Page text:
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January 20, 2012

Truant Officer Sends 5-Page Questionnaire

Barb Macy (name changed to protect her privacy) withdrew her son from Sumner County public schools, where he was not thriving, to homeschool him. The school principal promptly threatened to report her to the prosecutor.

Within days, a truant officer sent her a troubling letter on “Sumner County Community Corrections” letterhead. It said: “So-called ‘home schooling’ is legal, provided that the legal requirements for operating a home school are met. The enclosed questionnaire will help me determine that.”

The enclosed five-page questionnaire asked for the names, dates of all high school, college and other educational institutions attended, and diplomas, degrees and certificates awarded for all the child’s teachers. It asked for the names of all other children in the family and how they were being educated.

It asked whether the homeschool was accredited, whether it was registered with the state, and asked for the registration number. It asked for hours and dates of instruction, subjects taught, and the curriculum used, whether there were lesson plans, and how the child was to be evaluated. It asked for copies of the lesson plans and evaluations.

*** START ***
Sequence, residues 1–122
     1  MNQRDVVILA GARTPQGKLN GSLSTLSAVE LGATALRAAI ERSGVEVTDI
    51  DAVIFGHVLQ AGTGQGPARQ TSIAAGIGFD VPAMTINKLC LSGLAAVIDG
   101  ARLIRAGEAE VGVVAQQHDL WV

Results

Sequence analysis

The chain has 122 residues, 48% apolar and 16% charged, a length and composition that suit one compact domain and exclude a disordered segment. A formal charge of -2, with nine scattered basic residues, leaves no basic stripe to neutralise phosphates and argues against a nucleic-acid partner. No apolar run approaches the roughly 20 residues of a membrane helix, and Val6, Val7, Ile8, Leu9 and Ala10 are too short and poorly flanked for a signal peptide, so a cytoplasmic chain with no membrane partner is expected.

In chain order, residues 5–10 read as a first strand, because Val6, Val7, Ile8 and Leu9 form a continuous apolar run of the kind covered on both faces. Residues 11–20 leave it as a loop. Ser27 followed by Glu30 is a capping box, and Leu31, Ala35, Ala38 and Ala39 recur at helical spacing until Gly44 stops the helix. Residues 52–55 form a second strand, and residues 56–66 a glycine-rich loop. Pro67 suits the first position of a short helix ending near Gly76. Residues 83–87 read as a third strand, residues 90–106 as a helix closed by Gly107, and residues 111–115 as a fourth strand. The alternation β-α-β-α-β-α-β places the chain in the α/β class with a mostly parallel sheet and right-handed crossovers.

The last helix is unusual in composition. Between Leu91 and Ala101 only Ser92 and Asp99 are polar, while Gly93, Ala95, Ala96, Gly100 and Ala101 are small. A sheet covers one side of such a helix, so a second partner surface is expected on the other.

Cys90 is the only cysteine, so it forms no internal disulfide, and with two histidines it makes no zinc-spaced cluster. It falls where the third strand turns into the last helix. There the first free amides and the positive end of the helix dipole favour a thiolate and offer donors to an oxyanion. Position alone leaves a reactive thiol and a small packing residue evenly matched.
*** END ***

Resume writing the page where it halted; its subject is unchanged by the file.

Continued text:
It asked whether the child had special needs, had been tested for special needs, or was receiving special needs services, and the name and qualifications of the person providing the services. “Use additional paper if necessary,” it added, presumably to subtly remind parents that short answers might be deemed unacceptable.

Finally, it asked the parents to “solemnly affirm” they understood that a jail term of one year or fine of $2,500, or the state taking control of their children, or all of the above, could follow if they were in violation of the laws.

Members of HSLDA, the Macys asked for our help. HSLDA Senior Counsel Scott Woodruff and local attorney Austin Kent Vincent collaborated to write a short, courteous letter to the truant officer. It simply stated that the child was attending a private school registered with the Kansas Board of Education, and provided the name of the school.

Kansas does not at this time have a statute that specifically addresses homeschooling. This creates a window for the occasional dramatic reaction, as in the Sumner County situation—a county with a long history of hostility toward homeschool families.

However, in this case, the family never heard from the truant officer again.